New Report Shows Kentucky’s Economic Performance Falls Short
A new report says one-third of the more than $9 billion in announced investments for Kentucky last year wasn’t attached to any new jobs. The Kentucky Cabinet for Economic Development said the state gave away more than $361 million in tax incentives in 2017.
According to the report from the left-leaning Kentucky Center for Economic Policy, the state no longer releases a report listing facilities that closed in the state, making it difficult to determine how many net new jobs were created.
The report identified 1,209 jobs associated with Toyota’s $1.33 billion investment in 2017. But multiple news stories indicate no new jobs were connected to this investment, and the state’s Cabinet for economic development granted $43.5 million in tax breaks for the project.
That tax subsidy is for job retention, not job creation. The agreement actually allows Toyota to eliminate 788 jobs and still qualify for the tax breaks. There are also no new jobs from Ford’s $900 million investment, only the retention of jobs.
According to Federal Worker Adjustment Retraining Notification Act filings, the commonwealth has lost 3,721 jobs so far this year. KCEP Executive Director Jason Bailey said the state isn’t doing enough to invest in the fundamentals of the economy.
“What they need is a strong education system, a good quality of life, a modern infrastructure including broadband internet access,” he told WKU Public Radio. “That’s what is going to help get a new businesses started.”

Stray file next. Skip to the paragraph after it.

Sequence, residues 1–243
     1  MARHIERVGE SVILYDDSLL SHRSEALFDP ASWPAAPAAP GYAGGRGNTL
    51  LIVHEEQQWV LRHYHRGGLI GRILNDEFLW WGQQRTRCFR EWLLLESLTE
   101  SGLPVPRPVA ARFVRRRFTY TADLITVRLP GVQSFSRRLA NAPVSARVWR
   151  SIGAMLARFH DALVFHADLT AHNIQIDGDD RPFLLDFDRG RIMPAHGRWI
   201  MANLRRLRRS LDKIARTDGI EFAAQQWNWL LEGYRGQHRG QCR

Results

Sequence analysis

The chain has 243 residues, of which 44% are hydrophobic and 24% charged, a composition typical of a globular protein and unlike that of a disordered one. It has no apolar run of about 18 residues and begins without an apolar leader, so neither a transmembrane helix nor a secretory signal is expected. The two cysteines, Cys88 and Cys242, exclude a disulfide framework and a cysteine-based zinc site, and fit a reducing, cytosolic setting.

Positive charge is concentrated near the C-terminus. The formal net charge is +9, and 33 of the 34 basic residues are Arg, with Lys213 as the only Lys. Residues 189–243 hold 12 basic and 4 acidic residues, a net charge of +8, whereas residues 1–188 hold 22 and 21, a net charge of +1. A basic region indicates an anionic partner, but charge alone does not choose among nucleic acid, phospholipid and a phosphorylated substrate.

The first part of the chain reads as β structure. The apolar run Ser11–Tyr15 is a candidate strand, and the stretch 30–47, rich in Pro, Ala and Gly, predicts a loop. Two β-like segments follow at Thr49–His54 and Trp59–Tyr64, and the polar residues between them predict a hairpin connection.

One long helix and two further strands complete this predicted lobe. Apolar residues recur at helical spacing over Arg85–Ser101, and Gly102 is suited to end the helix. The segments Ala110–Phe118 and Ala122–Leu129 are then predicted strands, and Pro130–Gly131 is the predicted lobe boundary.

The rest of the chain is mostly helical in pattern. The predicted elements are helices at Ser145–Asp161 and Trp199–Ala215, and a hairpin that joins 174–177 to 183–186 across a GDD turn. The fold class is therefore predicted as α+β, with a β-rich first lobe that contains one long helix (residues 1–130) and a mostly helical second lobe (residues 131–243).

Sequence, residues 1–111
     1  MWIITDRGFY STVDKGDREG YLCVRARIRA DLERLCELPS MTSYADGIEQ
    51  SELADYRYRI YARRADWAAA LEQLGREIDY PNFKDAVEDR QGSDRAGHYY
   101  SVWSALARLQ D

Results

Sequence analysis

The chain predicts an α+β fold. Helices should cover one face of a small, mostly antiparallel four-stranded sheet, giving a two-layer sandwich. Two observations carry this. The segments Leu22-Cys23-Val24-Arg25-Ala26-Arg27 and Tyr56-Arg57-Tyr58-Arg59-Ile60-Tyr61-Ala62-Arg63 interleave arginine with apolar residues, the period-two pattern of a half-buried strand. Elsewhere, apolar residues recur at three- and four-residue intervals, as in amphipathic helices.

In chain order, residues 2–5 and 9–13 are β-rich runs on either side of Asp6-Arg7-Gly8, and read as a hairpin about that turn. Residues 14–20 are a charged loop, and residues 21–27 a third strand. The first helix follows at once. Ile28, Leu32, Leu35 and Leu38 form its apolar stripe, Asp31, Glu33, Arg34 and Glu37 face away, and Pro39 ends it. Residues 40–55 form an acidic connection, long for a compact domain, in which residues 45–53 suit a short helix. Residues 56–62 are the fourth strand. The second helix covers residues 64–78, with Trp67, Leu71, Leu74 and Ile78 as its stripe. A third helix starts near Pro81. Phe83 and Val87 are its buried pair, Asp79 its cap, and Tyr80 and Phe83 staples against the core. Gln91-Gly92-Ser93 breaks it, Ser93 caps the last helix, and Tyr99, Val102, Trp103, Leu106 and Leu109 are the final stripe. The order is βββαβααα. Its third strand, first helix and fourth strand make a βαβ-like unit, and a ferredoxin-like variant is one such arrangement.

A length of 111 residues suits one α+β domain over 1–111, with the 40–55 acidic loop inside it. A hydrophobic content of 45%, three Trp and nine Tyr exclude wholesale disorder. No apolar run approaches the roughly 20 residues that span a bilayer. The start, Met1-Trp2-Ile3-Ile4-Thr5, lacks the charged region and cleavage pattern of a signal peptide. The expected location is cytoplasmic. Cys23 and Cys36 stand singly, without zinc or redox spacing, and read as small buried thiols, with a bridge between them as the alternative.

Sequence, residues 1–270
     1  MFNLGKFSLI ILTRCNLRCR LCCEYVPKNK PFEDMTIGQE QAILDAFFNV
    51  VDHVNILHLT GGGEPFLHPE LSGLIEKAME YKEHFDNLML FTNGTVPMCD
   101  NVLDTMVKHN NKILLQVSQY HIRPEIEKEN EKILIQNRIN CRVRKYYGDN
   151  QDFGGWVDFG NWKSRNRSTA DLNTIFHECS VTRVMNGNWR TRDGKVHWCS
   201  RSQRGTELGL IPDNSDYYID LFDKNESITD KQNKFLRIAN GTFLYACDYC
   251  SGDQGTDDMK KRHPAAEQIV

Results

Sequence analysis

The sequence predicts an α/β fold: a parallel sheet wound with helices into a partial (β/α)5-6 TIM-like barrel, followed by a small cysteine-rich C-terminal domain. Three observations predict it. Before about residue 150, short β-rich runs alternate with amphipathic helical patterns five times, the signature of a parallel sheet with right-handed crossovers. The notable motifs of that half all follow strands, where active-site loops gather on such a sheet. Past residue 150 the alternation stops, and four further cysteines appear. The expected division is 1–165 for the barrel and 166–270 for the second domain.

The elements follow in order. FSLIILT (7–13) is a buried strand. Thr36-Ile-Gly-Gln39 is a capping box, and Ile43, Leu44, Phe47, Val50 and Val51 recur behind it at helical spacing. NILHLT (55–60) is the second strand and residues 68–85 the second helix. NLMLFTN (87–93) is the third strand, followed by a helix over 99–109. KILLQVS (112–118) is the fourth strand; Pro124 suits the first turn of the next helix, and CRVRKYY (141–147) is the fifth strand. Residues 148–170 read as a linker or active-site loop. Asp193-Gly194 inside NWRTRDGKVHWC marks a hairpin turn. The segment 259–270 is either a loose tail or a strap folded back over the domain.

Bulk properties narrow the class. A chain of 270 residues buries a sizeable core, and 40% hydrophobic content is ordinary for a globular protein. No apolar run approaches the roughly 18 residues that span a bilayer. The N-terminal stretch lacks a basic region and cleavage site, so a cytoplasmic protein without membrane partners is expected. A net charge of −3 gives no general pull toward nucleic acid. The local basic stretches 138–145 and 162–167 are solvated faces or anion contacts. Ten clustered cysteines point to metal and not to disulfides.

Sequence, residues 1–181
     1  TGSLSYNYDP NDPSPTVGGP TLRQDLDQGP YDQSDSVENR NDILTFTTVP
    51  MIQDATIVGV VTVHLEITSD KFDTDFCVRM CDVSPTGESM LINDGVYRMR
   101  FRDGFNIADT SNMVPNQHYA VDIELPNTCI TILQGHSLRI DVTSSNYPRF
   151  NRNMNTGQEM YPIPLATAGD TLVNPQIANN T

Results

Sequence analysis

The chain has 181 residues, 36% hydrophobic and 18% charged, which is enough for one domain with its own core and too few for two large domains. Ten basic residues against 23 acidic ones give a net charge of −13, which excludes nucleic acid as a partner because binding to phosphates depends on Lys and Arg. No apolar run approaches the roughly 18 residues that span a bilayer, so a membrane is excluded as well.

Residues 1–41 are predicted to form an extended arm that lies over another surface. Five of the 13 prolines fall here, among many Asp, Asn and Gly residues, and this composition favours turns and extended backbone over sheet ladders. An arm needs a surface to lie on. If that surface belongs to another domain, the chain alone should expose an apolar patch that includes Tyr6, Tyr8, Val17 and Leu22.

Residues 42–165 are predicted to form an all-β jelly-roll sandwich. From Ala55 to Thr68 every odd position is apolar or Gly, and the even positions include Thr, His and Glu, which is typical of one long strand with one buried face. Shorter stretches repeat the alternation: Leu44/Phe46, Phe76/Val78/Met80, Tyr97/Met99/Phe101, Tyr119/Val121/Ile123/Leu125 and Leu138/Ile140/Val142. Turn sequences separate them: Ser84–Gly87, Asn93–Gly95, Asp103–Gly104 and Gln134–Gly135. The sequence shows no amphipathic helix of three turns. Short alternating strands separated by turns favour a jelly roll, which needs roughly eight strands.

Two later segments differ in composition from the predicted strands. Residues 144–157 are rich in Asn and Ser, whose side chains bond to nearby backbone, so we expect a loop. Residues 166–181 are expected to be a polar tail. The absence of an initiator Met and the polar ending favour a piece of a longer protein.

Bailey said the state has instead focused on offering tax breaks for corporations and wealthy individuals, reducing the amount of revenue the state has to invest in things like infrastructure and the education system.
The study says more than 80 percent of the jobs created in a state in any given year are from new business start-ups and expansions of existing companies already located in the state. About 82 percent of the announced investments in Kentucky last year were from businesses already operating in Kentucky, and many of those facilities received tax breaks. Bailey questioned the amount of money the state gives away in tax incentives.
“We have also just done very little to scrutinize what we give away in tax breaks,” he said. “A lot of information is not collected from companies that get tax breaks and a lot is not reported publicly.”
Only a couple of studies have taken a look at Kentucky’s tax subsidies. In 2007 the Center for Business and Economic Research estimated that these programs cost $26,775 per associated job. A report by Anderson Economic Group in 2012 found that 35 percent of the jobs associated with tax incentives would have to be created solely as a result of the state’s tax breaks - and not other factors - in order for them to be cost effective.